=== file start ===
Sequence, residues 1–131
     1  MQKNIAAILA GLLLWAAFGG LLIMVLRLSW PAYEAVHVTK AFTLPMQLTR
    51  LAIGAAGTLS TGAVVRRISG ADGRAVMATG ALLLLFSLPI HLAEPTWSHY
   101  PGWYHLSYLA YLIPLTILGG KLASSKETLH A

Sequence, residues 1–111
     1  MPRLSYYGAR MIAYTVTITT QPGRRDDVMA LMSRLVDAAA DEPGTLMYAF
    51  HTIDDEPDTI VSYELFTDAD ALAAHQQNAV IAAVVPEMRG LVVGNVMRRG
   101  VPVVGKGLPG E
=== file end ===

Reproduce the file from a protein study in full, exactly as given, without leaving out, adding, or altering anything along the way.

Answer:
Sequence, residues 1–131
     1  MQKNIAAILA GLLLWAAFGG LLIMVLRLSW PAYEAVHVTK AFTLPMQLTR
    51  LAIGAAGTLS TGAVVRRISG ADGRAVMATG ALLLLFSLPI HLAEPTWSHY
   101  PGWYHLSYLA YLIPLTILGG KLASSKETLH A

Sequence, residues 1–111
     1  MPRLSYYGAR MIAYTVTITT QPGRRDDVMA LMSRLVDAAA DEPGTLMYAF
    51  HTIDDEPDTI VSYELFTDAD ALAAHQQNAV IAAVVPEMRG LVVGNVMRRG
   101  VPVVGKGLPG E